People’s Republics: Summating the Donbass Socio-Political and Economic Experience – Part 2

0 178

April 27, 2017 – Fort Russ – 

By Eduard Popov – translated by Jafe Arnold – 

The People’s Council of the DPR votes to declare independence in April 2014

Continued from Part 1 

The Formation of the DPR and LPR’s Political Party Systems: Between the Russian Spring and Ukrainian Statehood Experience

The birth of the people’s republics of Donbass took place under the banner of an ideological construct which was christened the “Russian Spring” (mimicking the “Arab Spring”) in the works of Moscow publicists. Skipping over the fact that this term does not fit the situation in Donbass (the young and growing population of the Arab Middle East vs. the old and declining population of Donbass), it is impossible not to recognize the immense mobilizing importance of this term at the initial stage of the movement.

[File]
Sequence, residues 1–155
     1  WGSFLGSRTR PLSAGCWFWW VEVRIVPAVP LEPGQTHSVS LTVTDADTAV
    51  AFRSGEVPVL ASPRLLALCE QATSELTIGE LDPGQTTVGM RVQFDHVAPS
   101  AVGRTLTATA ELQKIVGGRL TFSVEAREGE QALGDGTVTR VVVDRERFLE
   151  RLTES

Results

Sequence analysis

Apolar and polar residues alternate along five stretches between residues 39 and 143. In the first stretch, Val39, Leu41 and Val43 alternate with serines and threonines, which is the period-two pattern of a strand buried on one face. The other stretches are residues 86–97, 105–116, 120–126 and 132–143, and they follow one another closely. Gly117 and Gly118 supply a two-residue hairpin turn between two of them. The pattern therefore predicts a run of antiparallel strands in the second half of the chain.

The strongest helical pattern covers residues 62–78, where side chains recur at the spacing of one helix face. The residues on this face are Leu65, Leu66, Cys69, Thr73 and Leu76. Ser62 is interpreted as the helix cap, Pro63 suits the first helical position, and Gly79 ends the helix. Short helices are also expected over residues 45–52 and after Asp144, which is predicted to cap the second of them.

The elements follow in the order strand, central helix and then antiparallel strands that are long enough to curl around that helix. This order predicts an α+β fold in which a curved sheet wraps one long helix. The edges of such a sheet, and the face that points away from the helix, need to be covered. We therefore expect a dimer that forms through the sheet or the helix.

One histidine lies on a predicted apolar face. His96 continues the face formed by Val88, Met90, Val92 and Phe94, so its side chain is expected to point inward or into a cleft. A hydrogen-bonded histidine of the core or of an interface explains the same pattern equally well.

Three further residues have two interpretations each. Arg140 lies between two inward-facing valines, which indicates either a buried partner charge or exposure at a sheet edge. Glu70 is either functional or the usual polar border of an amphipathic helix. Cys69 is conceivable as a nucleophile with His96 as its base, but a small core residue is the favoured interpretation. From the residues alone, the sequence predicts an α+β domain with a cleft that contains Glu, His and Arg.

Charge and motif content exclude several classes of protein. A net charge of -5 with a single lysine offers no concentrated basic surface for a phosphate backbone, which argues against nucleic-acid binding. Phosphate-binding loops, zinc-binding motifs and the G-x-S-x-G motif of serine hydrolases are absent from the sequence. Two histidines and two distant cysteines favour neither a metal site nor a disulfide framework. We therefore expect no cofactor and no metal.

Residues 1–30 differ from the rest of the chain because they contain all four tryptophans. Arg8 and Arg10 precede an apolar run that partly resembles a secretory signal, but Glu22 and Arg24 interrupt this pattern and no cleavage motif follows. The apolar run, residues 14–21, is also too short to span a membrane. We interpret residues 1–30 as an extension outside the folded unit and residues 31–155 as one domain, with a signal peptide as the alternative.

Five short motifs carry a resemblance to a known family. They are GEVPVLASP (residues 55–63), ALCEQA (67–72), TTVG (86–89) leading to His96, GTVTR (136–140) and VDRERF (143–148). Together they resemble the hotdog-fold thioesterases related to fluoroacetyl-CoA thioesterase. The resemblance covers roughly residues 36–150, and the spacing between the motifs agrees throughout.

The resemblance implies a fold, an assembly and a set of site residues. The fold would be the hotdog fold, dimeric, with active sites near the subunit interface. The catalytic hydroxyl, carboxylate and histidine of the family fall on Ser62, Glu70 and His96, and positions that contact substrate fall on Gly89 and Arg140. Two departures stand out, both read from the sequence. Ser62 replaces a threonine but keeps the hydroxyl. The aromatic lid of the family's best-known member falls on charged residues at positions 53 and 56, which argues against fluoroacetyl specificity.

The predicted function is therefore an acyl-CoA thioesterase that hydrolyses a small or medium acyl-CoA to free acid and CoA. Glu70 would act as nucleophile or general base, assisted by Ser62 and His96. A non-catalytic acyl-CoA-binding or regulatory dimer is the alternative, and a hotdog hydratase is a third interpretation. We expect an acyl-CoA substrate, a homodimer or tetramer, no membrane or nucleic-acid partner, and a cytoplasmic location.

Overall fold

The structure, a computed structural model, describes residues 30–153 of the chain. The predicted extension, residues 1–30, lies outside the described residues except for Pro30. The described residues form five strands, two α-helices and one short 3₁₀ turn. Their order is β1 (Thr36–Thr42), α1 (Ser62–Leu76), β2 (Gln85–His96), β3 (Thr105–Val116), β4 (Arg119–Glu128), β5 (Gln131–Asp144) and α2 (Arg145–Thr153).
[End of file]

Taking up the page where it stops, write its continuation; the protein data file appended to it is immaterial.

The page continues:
The popular movement in Donbass began under slogans proclaiming the construction of a Russian state and/or socially just state. A most wide spectrum of socio-political forces supporting Donbass – from radical Russian nationalists and monarchists to left communists and anarchists – was united by a common rejection of Ukrainian neo-Nazism and the distinct characteristics of Ukrainian statehood such as bureaucratization, ultra-centralism, corruption, and oligarchic dictatorship. In the protest portion of their program, the Donbass popular movement’s activists declared solidarity with the slogans of the Euromaidan which dreamed of burying the “old” Ukrainian state. The “Revolution of Dignity” (the official name employed in Ukraine for the Euromaidan) ended in the complete collapse of all hopes, which even the most ardent supporters of the Euromaidan are now forced to admit. But what brought victory to the Russian Spring and the republics of Donbass?